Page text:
Culprit Vessel Only Versus Multivessel and Staged Percutaneous Coronary Intervention for Multivessel Disease in Patients Presenting With ST-Segment Elevation Myocardial Infarction: A Pairwise and Network Meta-Analysis

Study Questions:

What is the optimal treatment strategy for nonculprit vessel stenosis in patients presenting with ST-segment elevation myocardial infarction (STEMI)?


Pairwise and network meta-analyses were performed on three percutaneous coronary intervention (PCI) strategies for multivessel disease (MVD) in STEMI patients: 1) culprit vessel only PCI strategy (culprit PCI), defined as PCI confined to culprit vessel lesions only; 2) multivessel PCI strategy (MV-PCI), defined as PCI of culprit vessel as well as ≥1 nonculprit vessel lesions; and 3) staged PCI strategy (staged PCI), defined as PCI confined to culprit vessel, after which ≥1 nonculprit vessel lesions are treated during staged procedures. Prospective and retrospective studies were included when research subjects were patients with STEMI and MVD undergoing PCI. The primary endpoint was short-term mortality. For the direct pairwise meta-analyses, pooled estimates and 95% confidence intervals were calculated assuming a random-effects model with inverse variance weighting using the DerSimonian and Laird method to account for heterogeneity.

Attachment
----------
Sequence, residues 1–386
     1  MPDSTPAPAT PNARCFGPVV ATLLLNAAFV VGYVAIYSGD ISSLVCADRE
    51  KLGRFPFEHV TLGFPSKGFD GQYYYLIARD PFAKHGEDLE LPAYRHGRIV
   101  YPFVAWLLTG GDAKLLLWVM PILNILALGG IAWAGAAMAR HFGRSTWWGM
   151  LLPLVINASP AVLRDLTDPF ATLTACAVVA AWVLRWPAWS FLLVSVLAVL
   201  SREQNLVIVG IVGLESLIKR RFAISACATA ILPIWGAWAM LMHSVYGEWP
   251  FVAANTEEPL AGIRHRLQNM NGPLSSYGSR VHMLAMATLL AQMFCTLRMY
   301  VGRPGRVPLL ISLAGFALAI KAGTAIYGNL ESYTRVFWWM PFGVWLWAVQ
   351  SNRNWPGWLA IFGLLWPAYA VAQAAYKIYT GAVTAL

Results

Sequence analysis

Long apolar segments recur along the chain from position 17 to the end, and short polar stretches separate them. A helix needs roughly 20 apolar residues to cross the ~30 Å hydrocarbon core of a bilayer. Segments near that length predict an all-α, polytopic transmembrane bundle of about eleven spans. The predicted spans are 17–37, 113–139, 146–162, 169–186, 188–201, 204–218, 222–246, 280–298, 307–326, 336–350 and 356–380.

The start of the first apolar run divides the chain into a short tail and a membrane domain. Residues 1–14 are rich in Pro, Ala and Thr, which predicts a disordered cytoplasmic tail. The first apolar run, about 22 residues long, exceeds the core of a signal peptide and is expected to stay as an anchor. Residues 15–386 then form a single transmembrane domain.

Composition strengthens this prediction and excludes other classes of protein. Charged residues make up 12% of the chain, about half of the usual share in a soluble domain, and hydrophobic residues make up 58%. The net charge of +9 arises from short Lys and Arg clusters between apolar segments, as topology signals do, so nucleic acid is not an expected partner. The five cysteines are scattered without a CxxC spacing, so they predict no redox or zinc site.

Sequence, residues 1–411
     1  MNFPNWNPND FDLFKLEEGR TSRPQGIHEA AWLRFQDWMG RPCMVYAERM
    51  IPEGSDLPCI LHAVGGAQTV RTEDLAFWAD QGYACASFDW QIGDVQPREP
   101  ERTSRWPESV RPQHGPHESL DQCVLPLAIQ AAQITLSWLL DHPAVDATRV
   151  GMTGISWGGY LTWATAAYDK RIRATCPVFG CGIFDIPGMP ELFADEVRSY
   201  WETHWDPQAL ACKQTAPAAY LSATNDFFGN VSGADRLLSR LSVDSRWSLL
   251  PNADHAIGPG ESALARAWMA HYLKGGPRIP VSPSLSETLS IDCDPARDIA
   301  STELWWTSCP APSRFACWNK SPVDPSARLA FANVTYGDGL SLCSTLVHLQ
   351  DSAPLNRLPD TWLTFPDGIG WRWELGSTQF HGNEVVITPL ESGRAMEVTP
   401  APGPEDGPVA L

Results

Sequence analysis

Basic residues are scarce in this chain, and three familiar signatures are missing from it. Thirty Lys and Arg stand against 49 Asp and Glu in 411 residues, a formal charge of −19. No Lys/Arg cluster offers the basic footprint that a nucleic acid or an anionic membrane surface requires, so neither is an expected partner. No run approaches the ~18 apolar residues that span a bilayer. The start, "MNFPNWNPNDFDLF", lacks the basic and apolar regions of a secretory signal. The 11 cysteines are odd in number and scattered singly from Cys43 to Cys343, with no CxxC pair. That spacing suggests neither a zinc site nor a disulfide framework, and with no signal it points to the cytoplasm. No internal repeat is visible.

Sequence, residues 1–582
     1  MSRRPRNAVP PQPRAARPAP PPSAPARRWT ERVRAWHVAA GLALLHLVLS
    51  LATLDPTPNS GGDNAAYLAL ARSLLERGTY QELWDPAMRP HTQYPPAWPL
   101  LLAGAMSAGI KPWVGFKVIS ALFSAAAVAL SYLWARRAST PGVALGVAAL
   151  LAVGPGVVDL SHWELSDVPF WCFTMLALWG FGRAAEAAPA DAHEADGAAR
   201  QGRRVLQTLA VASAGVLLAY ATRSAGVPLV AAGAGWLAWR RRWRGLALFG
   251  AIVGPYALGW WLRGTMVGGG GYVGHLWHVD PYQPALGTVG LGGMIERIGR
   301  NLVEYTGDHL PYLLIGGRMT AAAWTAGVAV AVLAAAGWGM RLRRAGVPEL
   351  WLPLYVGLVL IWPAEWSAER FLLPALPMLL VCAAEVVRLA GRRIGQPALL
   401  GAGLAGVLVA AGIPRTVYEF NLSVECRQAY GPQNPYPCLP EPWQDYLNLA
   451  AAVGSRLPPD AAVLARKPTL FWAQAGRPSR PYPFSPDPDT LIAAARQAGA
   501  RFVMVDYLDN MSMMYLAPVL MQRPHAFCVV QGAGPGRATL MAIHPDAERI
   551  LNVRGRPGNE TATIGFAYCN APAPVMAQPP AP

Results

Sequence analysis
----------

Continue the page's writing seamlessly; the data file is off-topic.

Four prospective and 14 retrospective studies involving 40,280 patients were included. Pairwise meta-analyses demonstrated that staged PCI was associated with lower short- and long-term mortality, as compared with culprit PCI and MV-PCI, and that MV-PCI was associated with the highest mortality rates at both short- and long-term follow-up. In network analyses, staged PCI was also consistently associated with lower mortality.


The authors concluded that this analysis supports current guidelines discouraging performance of multivessel primary PCI for STEMI.


This meta-analysis supports current American College of Cardiology Foundation/American Heart Association guidelines advising the performance of primary PCI for STEMI confined to the culprit vessel only. Based on these data, MV-PCI should be discouraged, and significant nonculprit vessel lesions should only be treated during planned staged procedures. Additional research is indicated to define the optimal revascularization strategy in patients with both hemodynamic stable and unstable STEMI and MVD, and needs to compare outcomes between coronary artery bypass grafting versus culprit PCI versus staged PCI versus MV-PCI. In the interim, staged PCI should be considered the optimal treatment strategy with additional noninvasive ischemic assessment or fractional flow reserve performed for intermediate lesions.

Clinical Topics: Cardiac Surgery, Invasive Cardiovascular Angiography and Intervention, Aortic Surgery

Keywords: Myocardial Infarction, Follow-Up Studies, Constriction, Pathologic, Coronary Artery Bypass, Hemodynamics, United States, Percutaneous Coronary Intervention

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